‘No coercive action intended’: Delhi Assembly on summoning FB India head

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The Delhi Assembly told the Supreme Court on Wednesday that Facebook India’s vice president and managing director Ajit Mohan was not summoned as an accused and that no coercive action was intended against the company.

The court was hearing a petition filed by Facebook India and Mohan against the notice issued by the Delhi Assembly for deposing before it on Wednesday for the social media company’s alleged role in the Delhi violence in February.

Senior advocate Abhishek Manu Singhvi, appearing for Delhi Assembly, said that Mohan was summoned as a witness to get the social media giant’s suggestions on devising mechanism to prevent misuse of Facebook.

“He was called as a witness, not as an accused. No coercive steps were intended. During previous hearings, it came to light that Facebook was misused (in connection with communal riots). So, we want to get suggestions from them and devise mechanism so that Facebook is not misused,” Singhvi said.

Justice Kaul, who is heading the three-judge bench hearing the case, said that the notice issued to Mohan by the Delhi assembly’s Peace and Harmony Committee did not give such an impression.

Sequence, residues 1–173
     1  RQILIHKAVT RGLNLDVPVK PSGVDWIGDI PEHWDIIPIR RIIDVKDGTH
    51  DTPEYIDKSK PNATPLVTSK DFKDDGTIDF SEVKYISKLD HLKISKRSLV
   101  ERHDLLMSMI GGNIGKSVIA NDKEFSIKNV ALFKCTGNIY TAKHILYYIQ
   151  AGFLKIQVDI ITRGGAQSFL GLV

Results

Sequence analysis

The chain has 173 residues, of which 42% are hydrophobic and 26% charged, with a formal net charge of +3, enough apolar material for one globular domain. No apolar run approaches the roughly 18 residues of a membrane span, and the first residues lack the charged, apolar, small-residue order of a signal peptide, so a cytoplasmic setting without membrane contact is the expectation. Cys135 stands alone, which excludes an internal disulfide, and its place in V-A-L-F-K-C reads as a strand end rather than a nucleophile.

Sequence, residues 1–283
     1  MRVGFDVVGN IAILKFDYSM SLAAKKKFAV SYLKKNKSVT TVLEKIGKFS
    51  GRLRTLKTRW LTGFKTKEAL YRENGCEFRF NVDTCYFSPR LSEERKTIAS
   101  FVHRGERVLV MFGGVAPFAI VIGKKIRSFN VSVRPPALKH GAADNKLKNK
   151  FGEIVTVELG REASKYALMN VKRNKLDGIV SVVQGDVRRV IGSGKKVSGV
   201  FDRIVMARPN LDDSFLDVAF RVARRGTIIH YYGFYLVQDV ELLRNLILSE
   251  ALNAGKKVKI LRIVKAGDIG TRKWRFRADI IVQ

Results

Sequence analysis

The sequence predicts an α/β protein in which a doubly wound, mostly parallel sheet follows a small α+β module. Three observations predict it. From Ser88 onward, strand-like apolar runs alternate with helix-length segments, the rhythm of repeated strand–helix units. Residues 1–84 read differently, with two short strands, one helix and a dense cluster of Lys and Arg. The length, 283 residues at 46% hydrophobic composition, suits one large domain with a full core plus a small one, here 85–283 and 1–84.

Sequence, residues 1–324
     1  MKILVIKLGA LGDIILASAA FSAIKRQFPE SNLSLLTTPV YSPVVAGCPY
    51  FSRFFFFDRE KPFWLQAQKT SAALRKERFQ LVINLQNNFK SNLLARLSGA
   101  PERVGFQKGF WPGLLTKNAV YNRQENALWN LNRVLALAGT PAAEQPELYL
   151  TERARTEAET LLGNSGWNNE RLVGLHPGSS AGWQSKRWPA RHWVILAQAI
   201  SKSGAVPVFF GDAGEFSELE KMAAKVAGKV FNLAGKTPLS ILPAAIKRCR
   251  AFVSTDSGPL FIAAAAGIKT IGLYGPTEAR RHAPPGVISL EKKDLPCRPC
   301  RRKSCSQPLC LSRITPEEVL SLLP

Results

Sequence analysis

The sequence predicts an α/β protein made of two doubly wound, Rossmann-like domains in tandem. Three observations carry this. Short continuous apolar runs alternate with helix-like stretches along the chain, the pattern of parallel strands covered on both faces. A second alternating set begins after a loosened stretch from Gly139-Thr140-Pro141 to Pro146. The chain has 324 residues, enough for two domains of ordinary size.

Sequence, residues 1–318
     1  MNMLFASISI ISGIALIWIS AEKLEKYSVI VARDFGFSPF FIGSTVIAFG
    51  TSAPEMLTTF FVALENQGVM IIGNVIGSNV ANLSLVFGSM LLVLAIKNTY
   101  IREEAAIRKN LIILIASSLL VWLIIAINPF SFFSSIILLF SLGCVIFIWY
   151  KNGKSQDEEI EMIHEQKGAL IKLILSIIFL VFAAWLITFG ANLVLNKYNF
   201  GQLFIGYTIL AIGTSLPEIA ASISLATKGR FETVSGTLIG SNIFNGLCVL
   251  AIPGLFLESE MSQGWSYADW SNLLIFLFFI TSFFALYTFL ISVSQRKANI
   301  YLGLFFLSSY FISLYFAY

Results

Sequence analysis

“That is not what you have said in the notice. Then you may recall the notice,” justice Sanjay Kishan Kaul said.

Singhvi offered to will file a counter affidavit clarifying the stance of the Delhi Assembly.

The court then adjourned the hearing till October 15 and Singhvi submitted that no further meeting will be held on this subject matter till the petition is disposed. The court recorded Singhvi’s submissions and asked Delhi Assembly to file it’s response within a week.

During the hearing, senior advocate Harish Salve, appearing for Mohan, said that right to free speech under Article 19(1)(a) includes right not to speak. Salve also told the court that if his client doesn’t appear, he can’t be compelled to face penalty.

Salve also said that Mohan works for a US-based company and doesn’t want to comment on a politically sensitive issue in India.

The petitioners had moved the apex court challenging the two summons issued by the Delhi Assembly and others against them on September 10 and 18.

The committee’s insistence on compelling Ajit Mohan to speak, and its categorical threat to his non-appearance as a “breach of privilege of the committee and [to take] necessary action as deemed fit”, gives rise to a clear and present danger to the fundamental rights and liberties of petitioners in the ultra vires proceedings before the Committee, Mohan had claimed in his petition.

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